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I am the original owner of 2007 Toyota Tundra 5.7 L double-cab truck, which has only 65,000 kilometres on it, is in excellent condition and runs great. It’s used to tow a 3,800-kilogram RV trailer about 1,500 km a year. My question pertains to fluids – driveline, transmission, power steering, brake and coolant. All are original. Which do you recommend replacement of? Engine oil is changed twice annually. Also, should I replace the original spark plugs and have the injectors cleaned? Thanks. – Ron Z

While you are well within the Tundra’s towing capacity, your RV is not a lightweight, and although your truck has low yearly mileage, when it is in operation it is most definitely earning its keep.

According to the Toyota.ca website, some of your truck’s fluids are due at 64,000 km. These fluids include the transfer case and rear differential, which probably should have already been changed if the 1,500 km you drive includes hilly conditions. The front differential is not going to be an issue when towing and can be done at the standard interval of 128,000 km. Transmission fluid is due at 96,000 km and once again if the conditions are extreme, I would do it early. Since brake fluid is hygroscopic most manufacturers recommend replacement every 2-3 years. Power-steering fluid has no specific interval; your coolant is of the super long-life variety, due to be changed at 128,000 km; iridium spark plugs at 192,000 km, so you have time on these items. Injector-cleaning falls into the wallet-flush category for me.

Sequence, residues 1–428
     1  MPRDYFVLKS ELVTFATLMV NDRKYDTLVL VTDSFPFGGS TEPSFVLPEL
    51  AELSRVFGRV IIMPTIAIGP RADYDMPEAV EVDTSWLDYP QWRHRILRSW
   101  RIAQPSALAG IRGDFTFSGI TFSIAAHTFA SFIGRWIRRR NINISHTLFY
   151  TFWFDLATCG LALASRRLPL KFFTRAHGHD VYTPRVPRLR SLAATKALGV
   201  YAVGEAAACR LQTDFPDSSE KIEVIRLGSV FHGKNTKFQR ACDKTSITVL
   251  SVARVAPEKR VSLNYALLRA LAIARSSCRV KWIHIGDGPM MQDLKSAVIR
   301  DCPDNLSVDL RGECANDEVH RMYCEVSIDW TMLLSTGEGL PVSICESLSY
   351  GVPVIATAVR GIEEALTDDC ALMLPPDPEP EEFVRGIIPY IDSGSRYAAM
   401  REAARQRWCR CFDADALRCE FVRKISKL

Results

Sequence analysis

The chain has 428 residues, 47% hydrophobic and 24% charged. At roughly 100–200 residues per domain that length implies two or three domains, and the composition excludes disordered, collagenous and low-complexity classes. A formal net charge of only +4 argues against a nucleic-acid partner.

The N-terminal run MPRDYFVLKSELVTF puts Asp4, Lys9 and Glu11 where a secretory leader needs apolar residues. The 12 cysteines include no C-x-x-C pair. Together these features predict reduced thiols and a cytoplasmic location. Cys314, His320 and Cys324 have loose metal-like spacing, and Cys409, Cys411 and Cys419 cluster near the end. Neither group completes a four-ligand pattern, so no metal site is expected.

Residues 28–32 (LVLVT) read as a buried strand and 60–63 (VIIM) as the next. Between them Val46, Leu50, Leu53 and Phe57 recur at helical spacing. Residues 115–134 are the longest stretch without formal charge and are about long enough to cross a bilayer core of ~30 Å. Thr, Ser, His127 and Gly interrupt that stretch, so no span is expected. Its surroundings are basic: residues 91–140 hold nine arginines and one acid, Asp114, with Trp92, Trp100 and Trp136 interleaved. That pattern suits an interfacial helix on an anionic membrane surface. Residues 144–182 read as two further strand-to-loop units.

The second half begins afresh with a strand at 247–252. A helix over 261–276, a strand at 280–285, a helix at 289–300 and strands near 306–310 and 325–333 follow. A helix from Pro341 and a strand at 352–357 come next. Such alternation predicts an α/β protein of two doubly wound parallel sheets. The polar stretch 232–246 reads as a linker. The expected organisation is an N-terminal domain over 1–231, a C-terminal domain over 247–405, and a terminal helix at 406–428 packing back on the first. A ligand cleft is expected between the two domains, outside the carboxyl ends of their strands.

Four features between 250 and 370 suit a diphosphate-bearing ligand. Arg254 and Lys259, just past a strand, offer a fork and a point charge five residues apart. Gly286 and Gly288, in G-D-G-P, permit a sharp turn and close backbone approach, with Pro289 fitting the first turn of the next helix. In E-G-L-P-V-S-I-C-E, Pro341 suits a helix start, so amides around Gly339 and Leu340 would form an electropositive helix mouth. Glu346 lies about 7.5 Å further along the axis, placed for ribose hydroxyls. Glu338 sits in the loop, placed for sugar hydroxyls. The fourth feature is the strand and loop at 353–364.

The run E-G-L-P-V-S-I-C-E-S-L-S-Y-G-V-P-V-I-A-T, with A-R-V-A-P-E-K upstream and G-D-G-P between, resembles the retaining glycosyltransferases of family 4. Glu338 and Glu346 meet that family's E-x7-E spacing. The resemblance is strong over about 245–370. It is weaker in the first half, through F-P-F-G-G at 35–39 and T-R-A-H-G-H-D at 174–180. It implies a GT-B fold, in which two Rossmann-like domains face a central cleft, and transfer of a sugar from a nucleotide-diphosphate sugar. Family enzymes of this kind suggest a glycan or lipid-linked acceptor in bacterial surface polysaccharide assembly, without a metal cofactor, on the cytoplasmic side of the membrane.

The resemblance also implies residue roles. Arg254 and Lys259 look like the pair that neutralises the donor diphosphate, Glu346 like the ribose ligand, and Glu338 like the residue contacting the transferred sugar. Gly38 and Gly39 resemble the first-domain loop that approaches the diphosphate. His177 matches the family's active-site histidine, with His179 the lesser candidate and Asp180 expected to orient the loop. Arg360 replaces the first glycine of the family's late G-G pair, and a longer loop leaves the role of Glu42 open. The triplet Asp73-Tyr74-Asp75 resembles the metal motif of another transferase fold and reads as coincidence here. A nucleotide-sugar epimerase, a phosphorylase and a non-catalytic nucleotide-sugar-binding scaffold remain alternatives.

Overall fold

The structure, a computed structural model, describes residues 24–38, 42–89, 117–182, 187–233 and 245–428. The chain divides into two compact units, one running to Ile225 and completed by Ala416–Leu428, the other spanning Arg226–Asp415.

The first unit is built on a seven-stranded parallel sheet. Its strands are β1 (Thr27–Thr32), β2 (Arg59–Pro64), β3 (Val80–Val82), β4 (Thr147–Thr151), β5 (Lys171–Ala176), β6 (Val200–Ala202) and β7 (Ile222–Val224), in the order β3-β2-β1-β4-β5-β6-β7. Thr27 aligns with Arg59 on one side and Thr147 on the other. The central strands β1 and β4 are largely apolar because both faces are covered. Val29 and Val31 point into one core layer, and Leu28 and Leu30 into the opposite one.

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I have a 1928 Dodge Brothers 6-cylinder flat-head engine. It is rebuilt and has sat for more than 20 years without being fired until 2 years ago. At the moment, I am using Pennzoil 30 body. What is the most suitable modern oil Thank you for a reply. – Harry S

Very nice, Harry. I too am a classic car guy at heart. If you’re in the Toronto area, I’d love a ride sometime. Now that I’m done gushing, I’ll move on to your question.

Zinc additive levels (ZDDP), friction modifiers and detergents have changed dramatically over the years, and I don’t believe that there is any modern everyday oil that is going to be a drop-in solution. ZDDP is an anti-wear additive that has been greatly reduced in modern oils because it causes catalytic convertors to prematurely fail. It can, however, be purchased separately and added to your oil. There are several classic car oils available, but a couple that keep coming up in my search are Classic Car Motor Oil (CCMO) as well as Lucas Hot Rod and Classic oil. If there is a product that I am missing, I’m sure some helpful online reader will post a comment, so check below.

Lou Trottier is owner-operator of All About Imports in Mississauga. Have a question about maintenance and repair? E-mail globedrive@globeandmail.com, placing “Lou’s Garage” in the subject line.

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